The article "UK Lockdown in Perspective: Kenya and Honduras", by Georgina Pressdee for the UK Country Group of PBI, addresses lockdowns during the Covid-19 pandemic in Kenya, Honduras, and the United Kingdom.
Read the full article here.
Gacheke Gachihi has been a social justice activist in Kenya for over a decade. He founded Bunge la Mwananchi, an organic social movement, and is also a coordinator of the Mathare Social Justice Centre. In PBI UK’s webinar, “Government and Grassroot Responses in Kenya”, he spoke of the brutal enforcement of the Kenyan government’s coronavirus measures. On the 25th March, President Uhuru Kenyatta announced a “dusk till dawn” curfew, from 7pm-5am. On the face of it, the curfew appears far less intrusive than the total lockdown imposed by the UK government a day later. But the critical difference is how these measures have been enforced.
At the beginning of June, the Independent Policing Oversight Authority (IPOA), a civilian organisation created to monitor police misconduct, reported that at least 15 people had been killed by the police and 31 injured since the curfew was imposed. Missing Voices KE, recorded an even higher total of 17 people killed by the police while “enforcing COVID-19 regulations”. The most heartbreaking example of police violence during the pandemic surfaced after only the first night of Kenya’s curfew. Yassin Moyo, only 13 years old, was shot dead as he stood on a balcony watching police enforce the curfew. The officer responsible, Duncan Ndiema Ndiwa, has now been charged with his murder, but has since been released on bail after pleading not guilty.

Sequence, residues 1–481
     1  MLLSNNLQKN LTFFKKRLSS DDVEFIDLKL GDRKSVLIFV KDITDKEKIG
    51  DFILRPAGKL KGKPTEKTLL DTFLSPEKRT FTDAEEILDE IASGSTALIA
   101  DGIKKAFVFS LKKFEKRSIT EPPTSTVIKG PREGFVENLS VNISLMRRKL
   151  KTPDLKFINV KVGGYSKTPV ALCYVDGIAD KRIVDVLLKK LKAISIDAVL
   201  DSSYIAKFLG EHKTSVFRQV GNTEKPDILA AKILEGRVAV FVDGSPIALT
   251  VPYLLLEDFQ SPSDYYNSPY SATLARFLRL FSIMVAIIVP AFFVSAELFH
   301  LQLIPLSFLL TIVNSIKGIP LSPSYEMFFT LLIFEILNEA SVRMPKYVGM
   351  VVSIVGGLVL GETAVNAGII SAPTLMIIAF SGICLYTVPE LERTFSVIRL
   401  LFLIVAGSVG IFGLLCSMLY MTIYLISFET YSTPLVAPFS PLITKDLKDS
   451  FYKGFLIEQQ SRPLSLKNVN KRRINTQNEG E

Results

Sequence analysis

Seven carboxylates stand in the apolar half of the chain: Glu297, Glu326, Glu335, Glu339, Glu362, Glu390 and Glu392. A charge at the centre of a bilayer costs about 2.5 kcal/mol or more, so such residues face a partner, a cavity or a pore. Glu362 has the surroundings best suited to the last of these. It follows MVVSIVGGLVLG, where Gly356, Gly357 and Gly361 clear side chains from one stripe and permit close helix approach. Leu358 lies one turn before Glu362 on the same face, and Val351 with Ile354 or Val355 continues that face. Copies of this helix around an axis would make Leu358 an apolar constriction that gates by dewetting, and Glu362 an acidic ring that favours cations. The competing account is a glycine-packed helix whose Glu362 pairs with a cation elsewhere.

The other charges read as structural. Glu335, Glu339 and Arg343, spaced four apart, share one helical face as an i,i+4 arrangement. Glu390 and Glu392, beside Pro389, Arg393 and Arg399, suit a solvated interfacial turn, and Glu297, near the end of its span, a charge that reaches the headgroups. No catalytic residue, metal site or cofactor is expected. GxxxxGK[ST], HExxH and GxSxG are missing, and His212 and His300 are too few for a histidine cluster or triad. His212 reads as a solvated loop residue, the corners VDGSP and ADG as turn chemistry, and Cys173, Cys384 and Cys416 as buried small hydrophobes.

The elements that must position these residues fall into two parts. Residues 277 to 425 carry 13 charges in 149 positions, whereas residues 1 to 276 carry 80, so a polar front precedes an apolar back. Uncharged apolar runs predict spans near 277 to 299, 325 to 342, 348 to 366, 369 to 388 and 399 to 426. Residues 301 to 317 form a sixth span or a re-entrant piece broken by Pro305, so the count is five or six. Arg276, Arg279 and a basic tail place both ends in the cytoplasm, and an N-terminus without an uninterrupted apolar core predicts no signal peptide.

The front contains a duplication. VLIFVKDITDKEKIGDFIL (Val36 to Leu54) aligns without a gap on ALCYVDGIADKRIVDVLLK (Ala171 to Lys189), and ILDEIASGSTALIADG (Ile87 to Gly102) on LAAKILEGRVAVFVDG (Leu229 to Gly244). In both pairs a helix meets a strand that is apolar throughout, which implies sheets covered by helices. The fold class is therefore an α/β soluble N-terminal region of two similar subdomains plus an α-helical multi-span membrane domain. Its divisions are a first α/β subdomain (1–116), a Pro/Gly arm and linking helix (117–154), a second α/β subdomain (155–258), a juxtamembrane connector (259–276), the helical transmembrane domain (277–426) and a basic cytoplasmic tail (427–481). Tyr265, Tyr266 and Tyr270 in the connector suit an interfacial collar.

The lack of convictions for perpetrators of police brutality in Kenya is almost as shocking as the crimes themselves. Since 2011, when the IPOA was formed, less than 1% of the cases they have pursued have resulted in convictions. Accountability for the Kenyan police force is as non-existent as the justice for their victims. This represents a complete disregard for some of Kenya’s most basic obligations under the African Charter on Human and Peoples' Rights. Most obviously, this police violence is a gross violation of the Kenyan people’s right to life (Article 4), and freedom from cruel, inhuman or degrading punishment and treatment (Article 5). Police brutality in Kenya is not a human rights crisis that is unique to the pandemic – it is endemic itself. A 2009 investigation by Philip Alston, the UN Special Rapporteur on extrajudicial, summary, and arbitrary executions, reported evidence of widespread police killings, which he could only attribute to institutional practice – they were not the work of a few officers gone rogue.Since 2013, over 10,000 cases of police brutality have been reported to the IPOA. Only 6 convictions have resulted.